The record high and low for July 28 are just one year apart. How often does that happen?

Dear Tom,
The record high and low for July 28 are just one year apart. How often does that happen?
—Thomas Leeth, Hammond
Dear Thomas,
The short answer from Chicago climatologist Frank Wachowski is not very. He checked the record books and found just six such occurrences. The one you cited, July 28, had a record high of 100 in 1983 followed by a record low of 51 in 1984. The city’s most famous example of this are the Christmas Day extremes of a balmy 64 in 1982 and a frigid minus 17 in 1983, but with the same weather regimes in place a few days earlier, Dec. 23 was 62 in 1982 and 21 below zero in 1983. Other year-apart examples include April 21, with 88 in 1985 and 27 in 1986; May 11, with an 89-degree high in 1982 that followed a low of 33 in 1981; and Oct. 21, with a record low of 26 logged in 1952 followed by an 87-degree high in 1953.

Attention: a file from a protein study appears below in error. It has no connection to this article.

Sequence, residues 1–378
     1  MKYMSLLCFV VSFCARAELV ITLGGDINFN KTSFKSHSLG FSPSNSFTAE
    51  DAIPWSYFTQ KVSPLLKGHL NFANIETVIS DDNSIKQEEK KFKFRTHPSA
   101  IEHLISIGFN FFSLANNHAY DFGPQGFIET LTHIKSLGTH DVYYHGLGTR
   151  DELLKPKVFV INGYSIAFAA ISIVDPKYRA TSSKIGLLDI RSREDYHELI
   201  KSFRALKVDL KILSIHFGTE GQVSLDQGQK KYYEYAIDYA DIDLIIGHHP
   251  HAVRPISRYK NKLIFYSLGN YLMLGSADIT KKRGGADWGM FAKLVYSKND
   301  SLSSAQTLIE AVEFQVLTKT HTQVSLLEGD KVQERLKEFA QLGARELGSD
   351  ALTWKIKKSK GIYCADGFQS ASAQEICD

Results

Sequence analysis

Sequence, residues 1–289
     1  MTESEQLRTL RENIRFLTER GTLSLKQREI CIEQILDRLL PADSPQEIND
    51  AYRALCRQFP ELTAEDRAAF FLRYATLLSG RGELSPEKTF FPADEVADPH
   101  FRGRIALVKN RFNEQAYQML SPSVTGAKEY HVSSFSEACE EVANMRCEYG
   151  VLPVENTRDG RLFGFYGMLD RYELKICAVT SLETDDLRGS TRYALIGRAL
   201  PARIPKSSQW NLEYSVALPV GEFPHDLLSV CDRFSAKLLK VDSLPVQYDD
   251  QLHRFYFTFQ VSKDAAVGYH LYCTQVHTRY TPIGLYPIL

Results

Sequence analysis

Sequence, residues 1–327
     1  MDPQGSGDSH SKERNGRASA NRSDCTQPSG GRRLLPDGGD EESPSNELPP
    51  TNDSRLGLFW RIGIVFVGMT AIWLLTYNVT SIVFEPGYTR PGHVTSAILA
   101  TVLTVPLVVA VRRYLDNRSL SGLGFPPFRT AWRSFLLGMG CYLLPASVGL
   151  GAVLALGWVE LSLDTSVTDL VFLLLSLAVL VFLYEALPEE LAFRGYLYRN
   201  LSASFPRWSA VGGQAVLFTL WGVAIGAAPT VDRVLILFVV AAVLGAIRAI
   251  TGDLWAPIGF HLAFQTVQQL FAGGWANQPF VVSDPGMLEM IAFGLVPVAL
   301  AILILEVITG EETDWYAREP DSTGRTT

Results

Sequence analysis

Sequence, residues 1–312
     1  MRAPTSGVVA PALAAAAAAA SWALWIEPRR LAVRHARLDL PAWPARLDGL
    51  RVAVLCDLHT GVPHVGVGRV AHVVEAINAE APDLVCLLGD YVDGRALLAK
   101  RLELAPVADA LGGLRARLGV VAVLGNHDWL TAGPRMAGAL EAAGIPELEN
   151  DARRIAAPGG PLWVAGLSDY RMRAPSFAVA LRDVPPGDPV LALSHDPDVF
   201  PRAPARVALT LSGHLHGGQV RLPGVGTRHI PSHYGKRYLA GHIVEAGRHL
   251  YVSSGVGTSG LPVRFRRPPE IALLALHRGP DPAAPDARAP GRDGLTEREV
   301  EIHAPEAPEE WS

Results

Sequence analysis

Chicago climatologist Frank Wachowski checked the record books and found just six such occurrences.